While many people put their motorcycles away during the winter, there are still a select few who want to ride as much as they possibly can. Maybe it’s for commuting, maybe it’s for fun, or maybe it’s a little of both. In any case, it can be doable—but you’re probably going to have to work at it.
Depending on what winter weather looks like in your area, you’re also going to have to decide whether the additional preparation is worth the hassle or not. As with most things motorbike, that’s entirely up to you. No matter what bike you choose to ride during the winter, you’ll also need to make sure you have appropriate gear to keep you warm and dry. After all, nobody likes to be cold and wet, whether you’re riding or not.
The most important things to consider if you’re thinking about winter riding are a) keeping yourself warm and dry, and b) maintaining decent traction through whatever winter riding conditions look like in your area. Now, “decent traction” is tricky, because if you’re super good at riding in slippery conditions, your idea of what constitutes “decent” will look a lot different than some other rider’s. It’s important to remember that it’s all relative!
All that said, here are our current top five bikes for winter riding. Your list may look completely different—and it probably should.
What’s not to love about a lightweight dirt bike with knobby tires? For 2021, Honda both upped the displacement on its beloved CRF250L and also simultaneously shaved about 11 pounds off the total weight. This should make it pretty easy to manage for winter riding, as well as traversing your favorite dirt rides during the rest of the year.
The thing about winter riding is that it’s all a compromise. The CRF300L (or any lightweight dirt bike with knobby tires that you like, really) will be easy to maneuver, but what it won’t offer you is wind protection. You could make up for that fact by bundling yourself up really well with insulated and possibly heated motorcycle gear, or you could choose something with a windscreen, leg shields, hand guards, heated grips, and/or a heated seat (you get the idea).
Could you tip a sidecar rig over? I mean, you’ve probably seen people purposely tip their sidecars up into the air for fun, right? Still, once you acclimate yourself to the low-end torque and throttle response particulars of a modern Ural, what you’ll find is an eminently solid machine that can tackle most terrain, including in the winter. The sidecar is also perfect for all those hearty winter soup and/or stew ingredients you’ll surely be stocking up on to keep yourself fed—or, you know, also for a passenger.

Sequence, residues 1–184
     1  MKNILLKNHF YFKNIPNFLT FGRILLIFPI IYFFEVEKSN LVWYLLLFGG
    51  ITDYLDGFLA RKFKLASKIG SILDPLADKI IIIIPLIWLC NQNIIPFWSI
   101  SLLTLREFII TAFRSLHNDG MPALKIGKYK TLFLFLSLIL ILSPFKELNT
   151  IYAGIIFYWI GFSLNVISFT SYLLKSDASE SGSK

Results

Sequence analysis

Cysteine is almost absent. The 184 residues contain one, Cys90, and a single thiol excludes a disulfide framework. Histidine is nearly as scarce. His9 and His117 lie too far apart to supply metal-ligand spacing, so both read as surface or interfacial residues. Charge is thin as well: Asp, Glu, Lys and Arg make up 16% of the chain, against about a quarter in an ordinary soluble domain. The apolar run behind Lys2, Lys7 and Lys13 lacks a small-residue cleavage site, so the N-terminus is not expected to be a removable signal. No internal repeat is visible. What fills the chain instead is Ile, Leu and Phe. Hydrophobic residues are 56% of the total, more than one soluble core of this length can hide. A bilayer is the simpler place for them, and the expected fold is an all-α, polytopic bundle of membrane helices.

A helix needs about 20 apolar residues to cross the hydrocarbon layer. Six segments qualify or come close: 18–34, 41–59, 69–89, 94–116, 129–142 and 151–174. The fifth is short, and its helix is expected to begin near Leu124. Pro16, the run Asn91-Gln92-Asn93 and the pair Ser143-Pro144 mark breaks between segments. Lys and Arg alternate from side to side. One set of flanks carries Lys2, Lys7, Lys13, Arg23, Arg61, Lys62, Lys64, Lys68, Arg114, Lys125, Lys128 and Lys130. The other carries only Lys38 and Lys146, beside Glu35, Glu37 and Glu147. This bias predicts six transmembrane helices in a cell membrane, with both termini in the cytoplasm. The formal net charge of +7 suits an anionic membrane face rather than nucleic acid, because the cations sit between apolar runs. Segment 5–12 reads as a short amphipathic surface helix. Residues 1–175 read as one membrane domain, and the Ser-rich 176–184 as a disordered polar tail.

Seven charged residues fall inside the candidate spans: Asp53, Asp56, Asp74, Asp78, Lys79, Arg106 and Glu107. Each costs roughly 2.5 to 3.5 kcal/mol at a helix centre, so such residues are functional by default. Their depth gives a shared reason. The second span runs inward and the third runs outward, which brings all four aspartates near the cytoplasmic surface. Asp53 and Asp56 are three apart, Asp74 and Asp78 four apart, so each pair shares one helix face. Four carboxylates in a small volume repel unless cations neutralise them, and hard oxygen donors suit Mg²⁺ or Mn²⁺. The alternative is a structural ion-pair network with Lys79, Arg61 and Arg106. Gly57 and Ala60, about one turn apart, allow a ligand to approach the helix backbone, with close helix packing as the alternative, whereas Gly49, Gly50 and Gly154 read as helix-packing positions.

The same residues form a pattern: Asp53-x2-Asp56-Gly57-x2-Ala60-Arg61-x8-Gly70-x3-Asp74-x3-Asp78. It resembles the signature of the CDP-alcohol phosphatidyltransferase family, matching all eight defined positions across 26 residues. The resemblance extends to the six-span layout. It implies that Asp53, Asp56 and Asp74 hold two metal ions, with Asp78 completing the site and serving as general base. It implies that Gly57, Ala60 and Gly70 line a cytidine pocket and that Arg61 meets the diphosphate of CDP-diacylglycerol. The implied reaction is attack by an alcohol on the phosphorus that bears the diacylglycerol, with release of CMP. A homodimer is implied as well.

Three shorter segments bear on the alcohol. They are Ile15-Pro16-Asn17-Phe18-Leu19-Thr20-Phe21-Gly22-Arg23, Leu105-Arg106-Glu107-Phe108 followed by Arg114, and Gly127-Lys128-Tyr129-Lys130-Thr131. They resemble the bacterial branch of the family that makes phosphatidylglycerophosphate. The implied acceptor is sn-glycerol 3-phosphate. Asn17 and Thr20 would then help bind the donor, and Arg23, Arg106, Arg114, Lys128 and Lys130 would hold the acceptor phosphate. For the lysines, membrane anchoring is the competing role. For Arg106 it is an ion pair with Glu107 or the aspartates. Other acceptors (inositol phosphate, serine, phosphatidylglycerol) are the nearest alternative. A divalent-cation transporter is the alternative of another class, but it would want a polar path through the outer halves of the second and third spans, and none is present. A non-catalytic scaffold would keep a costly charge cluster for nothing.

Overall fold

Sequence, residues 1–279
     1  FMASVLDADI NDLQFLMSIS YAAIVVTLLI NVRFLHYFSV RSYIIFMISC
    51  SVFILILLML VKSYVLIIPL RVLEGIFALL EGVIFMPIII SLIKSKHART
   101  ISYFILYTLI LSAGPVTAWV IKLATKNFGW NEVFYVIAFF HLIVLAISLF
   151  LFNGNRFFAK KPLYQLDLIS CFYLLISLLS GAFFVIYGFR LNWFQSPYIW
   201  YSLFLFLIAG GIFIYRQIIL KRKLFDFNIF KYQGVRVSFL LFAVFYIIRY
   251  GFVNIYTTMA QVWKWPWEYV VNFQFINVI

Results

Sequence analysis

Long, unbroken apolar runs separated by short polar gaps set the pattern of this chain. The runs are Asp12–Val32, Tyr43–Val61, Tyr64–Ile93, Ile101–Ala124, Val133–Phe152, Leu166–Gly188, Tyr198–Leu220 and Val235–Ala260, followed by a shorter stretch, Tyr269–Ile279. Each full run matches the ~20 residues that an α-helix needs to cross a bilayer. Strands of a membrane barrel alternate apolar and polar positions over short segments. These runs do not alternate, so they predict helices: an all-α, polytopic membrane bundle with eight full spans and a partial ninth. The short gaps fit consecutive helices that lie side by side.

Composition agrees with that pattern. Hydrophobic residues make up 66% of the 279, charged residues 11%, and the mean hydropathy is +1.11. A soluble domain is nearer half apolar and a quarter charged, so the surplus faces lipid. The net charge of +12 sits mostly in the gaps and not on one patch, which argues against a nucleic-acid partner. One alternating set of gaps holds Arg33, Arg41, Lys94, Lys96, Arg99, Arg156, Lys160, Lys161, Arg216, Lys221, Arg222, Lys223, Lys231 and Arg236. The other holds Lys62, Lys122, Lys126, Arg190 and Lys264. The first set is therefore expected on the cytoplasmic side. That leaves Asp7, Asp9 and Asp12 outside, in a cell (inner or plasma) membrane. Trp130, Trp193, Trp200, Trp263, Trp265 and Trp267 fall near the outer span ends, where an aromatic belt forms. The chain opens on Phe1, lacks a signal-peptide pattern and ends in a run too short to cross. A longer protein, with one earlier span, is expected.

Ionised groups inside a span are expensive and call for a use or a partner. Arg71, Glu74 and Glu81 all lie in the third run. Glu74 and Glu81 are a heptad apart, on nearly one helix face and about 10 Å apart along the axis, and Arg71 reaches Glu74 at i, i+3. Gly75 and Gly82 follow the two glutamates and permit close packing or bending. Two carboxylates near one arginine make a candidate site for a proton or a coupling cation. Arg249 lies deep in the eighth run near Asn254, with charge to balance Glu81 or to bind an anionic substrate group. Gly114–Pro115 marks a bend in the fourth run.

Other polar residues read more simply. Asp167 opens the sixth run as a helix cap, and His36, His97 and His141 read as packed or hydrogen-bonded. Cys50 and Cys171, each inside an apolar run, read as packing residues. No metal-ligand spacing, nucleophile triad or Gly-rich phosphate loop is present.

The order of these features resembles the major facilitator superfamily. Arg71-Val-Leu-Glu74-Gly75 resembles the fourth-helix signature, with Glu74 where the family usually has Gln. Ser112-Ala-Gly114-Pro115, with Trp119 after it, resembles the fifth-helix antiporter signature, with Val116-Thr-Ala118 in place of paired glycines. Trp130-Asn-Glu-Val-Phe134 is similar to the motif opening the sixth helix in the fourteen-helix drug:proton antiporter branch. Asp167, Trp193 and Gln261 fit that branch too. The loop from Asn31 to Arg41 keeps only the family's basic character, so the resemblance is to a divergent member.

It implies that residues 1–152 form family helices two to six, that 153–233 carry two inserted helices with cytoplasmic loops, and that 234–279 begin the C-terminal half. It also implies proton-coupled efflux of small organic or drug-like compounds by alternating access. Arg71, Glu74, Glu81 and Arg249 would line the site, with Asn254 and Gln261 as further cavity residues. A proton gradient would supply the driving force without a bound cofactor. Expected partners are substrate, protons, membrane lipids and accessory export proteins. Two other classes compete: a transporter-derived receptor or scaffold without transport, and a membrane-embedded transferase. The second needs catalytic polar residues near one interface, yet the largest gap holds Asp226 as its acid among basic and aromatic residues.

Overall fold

The whole point of a Ural, after all, is to be a hardcore workhorse that just keeps going, even when conditions aren’t ideal. If that doesn’t describe most of the vagaries of winter weather, I’m not sure what does.
We know that situations don’t always work out the way you want, but if you’re serious about riding this winter, we highly recommend a bike you’re already comfortable with. One where you know its quirks and almost instinctively adjust to any strangeness it might throw your way.
Be sure all your maintenance is up-to-date, and that you have appropriate winter tires that suit your local winter weather. There’s truly no good time to find out your brakes are mushy, but winter’s probably at the top of the list of bad times to deal with that problem. While you may not be an expert at riding in the snow, like most things, you’ll get better with practice.
If you want to get really good, we also recommend a bike you won’t be upset if you drop. Having that kind of confidence while you ride will help you show yourself what you (and your bike) are capable of, in any weather. A bike that already has a few scars here and there is a bit of a boost. It’s one less thing to worry about, you know?
The thing about any top five list is this: Words like “top” or “best” are extremely subjective. This vehicle, we reckon, is probably some of the most ridiculous fun you could have in the snow. We thought that back in 2020, when we first saw racer Francesco Guerrini take it out in this video.
I mean, who wouldn’t want to try a Triumph 675 Street Triple-engined Piaggio Ape in the snow? I’m guessing probably no one who’s reading RideApart, at any rate. I’ll also tell you right now that lately, I’ve been riding a Street Triple R and absolutely adoring that power plant. Just imagining what it’d be like to flick this Ape around in the heart of a Chicago winter has me grinning ear to ear.
As I previously mentioned, “top” is such a nebulous word. Are we saying that Chrysler Sno-Runners are good? Objectively, they are not. However, if you’ve never collapsed in a heap of unmitigated giggles after doing some stupid but insanely fun nonsense with your friends, I’m truly sorry. That is where a vehicle like the Chrysler Sno-Runner would absolutely excel.
Obviously, this isn’t the winter bike situation for you if you want to actually, um, go anywhere at speed. However, we look at it as being something like a motorized sled, tube, or toboggan, though. Those are all things that a lot of people like to do for fun in the winter, just for the sake of the experience.
None of those things are necessarily meant to transport you anywhere. You’re simply going to have a lot of fun in a group, laugh, fall down, and hopefully drink hot cocoa or cider and eat some pleasantly gooey s’mores later. Couldn’t you use some fun right about now?